But of course also as we learned this morning and Wendell started with the provocation, the tools and techniques of manipulation have also changed, and of misinformation.
And finally, and I will return to that on the last slide, of course also the methods of intervention, what you can do about it. We had several great ideas and starting points for sure addressed this morning.
Very briefly only, our areas of application. Where truth matters and still matters. Of course there are many areas we could look into, and given the contextuality of the information phenomenon, I argue it’s really important to not only have these kind of horizontal conversations as we have it today, but get sector‐specific, so to speak, and look into different areas.
Of course today we have a certain emphasis on news and political information. We’ve also addressed the question of science and policymaking, and the importance of maintaining quality in those debates. Trade and commerce are another important area. We talked a little bit, Kathleen addressed the advertisement issue. One that I would add is personal information, personal well‐being, as including health information. That is a key area where arguably these quality considerations are extremely important. Again, last week we we had here this conference on cyberbullying and other forms of problematic behavior online. And there again you see the relevance of the same type of question about the quality of personal information.
Finally, intervention points. (Finally in terms of the summary.) It’s almost following the Lessig framework, four modes of regulation with of course technological means, and tomorrow is the hackathon. We will certainly experiment with that. Can we create filters, aggregation tools? How helpful can visualization techniques be to address some of the challenges to sort through the truthiness problem? What are navigation aids for cyberspace?
But then also another key area we highlighted this morning, the role of human beings. The role of actually people doing fact‐checking. The potential and power of large‐scale cooperation. Peer review, mentioned by Yochai again. But also the role of education and training of journalists. But young people more broadly. And Denise wrote a great piece on the blog leading up to this conference on this topic.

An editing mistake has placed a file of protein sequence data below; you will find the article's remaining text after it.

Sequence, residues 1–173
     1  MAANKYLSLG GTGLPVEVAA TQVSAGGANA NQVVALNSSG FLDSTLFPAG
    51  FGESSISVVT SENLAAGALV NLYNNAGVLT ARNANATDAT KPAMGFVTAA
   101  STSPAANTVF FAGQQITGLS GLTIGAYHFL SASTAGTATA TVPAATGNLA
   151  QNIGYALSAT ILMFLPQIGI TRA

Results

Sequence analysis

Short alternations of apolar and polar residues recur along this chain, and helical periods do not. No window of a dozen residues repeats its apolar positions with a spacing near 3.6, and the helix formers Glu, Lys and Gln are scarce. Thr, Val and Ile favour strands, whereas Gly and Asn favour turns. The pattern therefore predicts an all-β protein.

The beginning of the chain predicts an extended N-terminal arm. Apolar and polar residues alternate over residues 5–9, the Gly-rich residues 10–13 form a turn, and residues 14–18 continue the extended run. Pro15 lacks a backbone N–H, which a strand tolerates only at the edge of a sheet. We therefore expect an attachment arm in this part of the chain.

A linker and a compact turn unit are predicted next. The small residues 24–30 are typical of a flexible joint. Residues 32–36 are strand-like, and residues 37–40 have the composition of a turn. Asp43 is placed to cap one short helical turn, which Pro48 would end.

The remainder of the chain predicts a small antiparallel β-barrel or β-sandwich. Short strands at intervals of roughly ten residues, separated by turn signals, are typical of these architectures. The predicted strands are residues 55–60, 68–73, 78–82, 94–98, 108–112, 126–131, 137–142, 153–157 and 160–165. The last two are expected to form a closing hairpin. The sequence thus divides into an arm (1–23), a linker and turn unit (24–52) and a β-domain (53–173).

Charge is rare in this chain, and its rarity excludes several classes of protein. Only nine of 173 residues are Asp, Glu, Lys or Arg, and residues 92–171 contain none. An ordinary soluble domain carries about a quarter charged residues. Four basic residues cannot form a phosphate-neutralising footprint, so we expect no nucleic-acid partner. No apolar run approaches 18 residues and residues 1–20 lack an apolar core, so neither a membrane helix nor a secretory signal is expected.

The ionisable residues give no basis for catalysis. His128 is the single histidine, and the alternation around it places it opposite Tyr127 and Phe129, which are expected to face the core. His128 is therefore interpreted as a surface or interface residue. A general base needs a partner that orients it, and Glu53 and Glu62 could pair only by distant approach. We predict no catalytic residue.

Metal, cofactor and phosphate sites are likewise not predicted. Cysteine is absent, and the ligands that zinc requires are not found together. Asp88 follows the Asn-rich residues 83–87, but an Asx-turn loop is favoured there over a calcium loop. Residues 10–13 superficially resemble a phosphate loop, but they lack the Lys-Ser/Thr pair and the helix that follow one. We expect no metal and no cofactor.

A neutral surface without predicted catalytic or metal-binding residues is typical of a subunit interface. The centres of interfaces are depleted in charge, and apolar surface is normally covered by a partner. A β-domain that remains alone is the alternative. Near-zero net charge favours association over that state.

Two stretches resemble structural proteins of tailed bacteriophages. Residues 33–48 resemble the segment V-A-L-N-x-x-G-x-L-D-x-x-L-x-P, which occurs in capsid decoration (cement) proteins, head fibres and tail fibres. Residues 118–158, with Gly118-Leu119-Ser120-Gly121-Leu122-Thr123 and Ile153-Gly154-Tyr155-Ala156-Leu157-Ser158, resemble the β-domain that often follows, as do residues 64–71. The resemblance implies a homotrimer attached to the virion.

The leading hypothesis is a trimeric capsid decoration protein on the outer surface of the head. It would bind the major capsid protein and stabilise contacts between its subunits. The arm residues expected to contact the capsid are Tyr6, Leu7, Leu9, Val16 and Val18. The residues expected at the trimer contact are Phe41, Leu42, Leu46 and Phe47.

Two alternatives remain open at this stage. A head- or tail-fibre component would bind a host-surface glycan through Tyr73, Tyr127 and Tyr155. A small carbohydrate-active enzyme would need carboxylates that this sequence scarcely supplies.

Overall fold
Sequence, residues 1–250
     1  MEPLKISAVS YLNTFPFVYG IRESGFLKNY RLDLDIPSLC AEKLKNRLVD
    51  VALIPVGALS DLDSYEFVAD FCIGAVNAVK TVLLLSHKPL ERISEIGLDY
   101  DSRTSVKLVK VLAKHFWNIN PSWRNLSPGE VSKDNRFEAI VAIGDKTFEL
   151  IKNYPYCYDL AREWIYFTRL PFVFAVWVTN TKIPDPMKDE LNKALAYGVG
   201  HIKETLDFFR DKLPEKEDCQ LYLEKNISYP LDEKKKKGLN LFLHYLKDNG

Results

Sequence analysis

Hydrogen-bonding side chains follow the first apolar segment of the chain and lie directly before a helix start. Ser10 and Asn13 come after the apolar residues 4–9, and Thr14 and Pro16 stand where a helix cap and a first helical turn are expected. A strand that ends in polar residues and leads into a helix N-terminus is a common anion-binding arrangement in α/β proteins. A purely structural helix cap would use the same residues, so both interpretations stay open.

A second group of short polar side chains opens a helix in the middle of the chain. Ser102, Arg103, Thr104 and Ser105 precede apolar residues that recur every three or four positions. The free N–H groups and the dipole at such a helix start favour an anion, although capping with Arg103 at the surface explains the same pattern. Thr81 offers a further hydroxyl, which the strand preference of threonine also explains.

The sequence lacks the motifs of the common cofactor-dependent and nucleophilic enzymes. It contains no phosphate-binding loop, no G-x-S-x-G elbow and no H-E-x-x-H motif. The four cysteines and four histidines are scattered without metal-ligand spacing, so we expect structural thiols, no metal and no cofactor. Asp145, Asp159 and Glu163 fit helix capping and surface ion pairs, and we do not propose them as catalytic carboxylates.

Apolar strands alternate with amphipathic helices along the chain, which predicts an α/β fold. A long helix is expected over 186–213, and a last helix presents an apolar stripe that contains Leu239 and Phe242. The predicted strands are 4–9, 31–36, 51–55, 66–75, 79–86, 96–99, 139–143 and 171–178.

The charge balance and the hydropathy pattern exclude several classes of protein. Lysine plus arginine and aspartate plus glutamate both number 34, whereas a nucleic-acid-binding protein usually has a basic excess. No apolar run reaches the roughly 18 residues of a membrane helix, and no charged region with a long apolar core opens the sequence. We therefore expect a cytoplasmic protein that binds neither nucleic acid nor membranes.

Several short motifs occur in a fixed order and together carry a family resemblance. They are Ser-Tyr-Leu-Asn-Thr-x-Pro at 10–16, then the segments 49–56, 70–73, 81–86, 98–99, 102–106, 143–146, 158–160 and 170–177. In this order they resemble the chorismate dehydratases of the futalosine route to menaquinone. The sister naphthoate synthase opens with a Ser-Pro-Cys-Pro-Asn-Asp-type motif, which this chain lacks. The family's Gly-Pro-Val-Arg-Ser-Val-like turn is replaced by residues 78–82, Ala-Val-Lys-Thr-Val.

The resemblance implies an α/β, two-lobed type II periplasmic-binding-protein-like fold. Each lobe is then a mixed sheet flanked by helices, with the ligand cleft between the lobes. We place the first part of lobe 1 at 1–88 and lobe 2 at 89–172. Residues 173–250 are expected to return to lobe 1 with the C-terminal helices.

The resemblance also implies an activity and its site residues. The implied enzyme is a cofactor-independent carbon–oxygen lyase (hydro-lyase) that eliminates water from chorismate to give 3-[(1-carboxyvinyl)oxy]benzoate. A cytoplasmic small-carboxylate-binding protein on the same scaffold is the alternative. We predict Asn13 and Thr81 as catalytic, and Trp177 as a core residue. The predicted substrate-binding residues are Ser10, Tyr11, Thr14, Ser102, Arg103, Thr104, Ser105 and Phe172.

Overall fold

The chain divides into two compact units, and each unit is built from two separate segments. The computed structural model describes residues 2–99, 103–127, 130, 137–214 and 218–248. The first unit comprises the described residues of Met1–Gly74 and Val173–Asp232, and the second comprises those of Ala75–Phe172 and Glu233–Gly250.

Of course there may be also an emerging market for truth. NGOs are playing a big role in that, supported through foundations of course. New types of information brokers emerge, because obviously accurate information has a high value. So again there is a broad range of instruments and also opportunities to think creatively about the use of market forces and the incentives available. We identified some of them.
And of course also finally, being at a law school some legal topics and legal strategies, despite Herbert Burkert’s words of warning, truth in advertising—regulation seems to be kind of one possible contribution. Privacy laws and also looking at the recent White House roadmap with a potential right to correct information if it’s not correct personal information. These are possible tools and instruments in the toolbox.
Last slide, challenges ahead. Now, from a research perspective first, this morning confirmed my at least working hypothesis that we have a relatively good understanding already, and insights into various bits and pieces that are highly relevant. So take for instance what we know about the psychology of information processing, or about network analysis. What we know about how for instance information travels in social networking sites.
But bringing these things together and developing some sort of holistic view and work towards a more comprehensive understanding and understand also the interplay among the factors, including tradeoffs, seems to be a research challenge.
Second challenge. I would encourage all of us to think both strategically as well as pragmatically about where can we make a difference? Where can we improve the current ecosystem? And what are strategies that we can apply longer‐term? I would argue both one and two require the creation of spaces for experimentation and learning, and also spaces where activists and researchers can meet and think together. And in that sense I believe today’s conference has been a great starting point, so thank you for being here.
Truthiness in Digital Media event site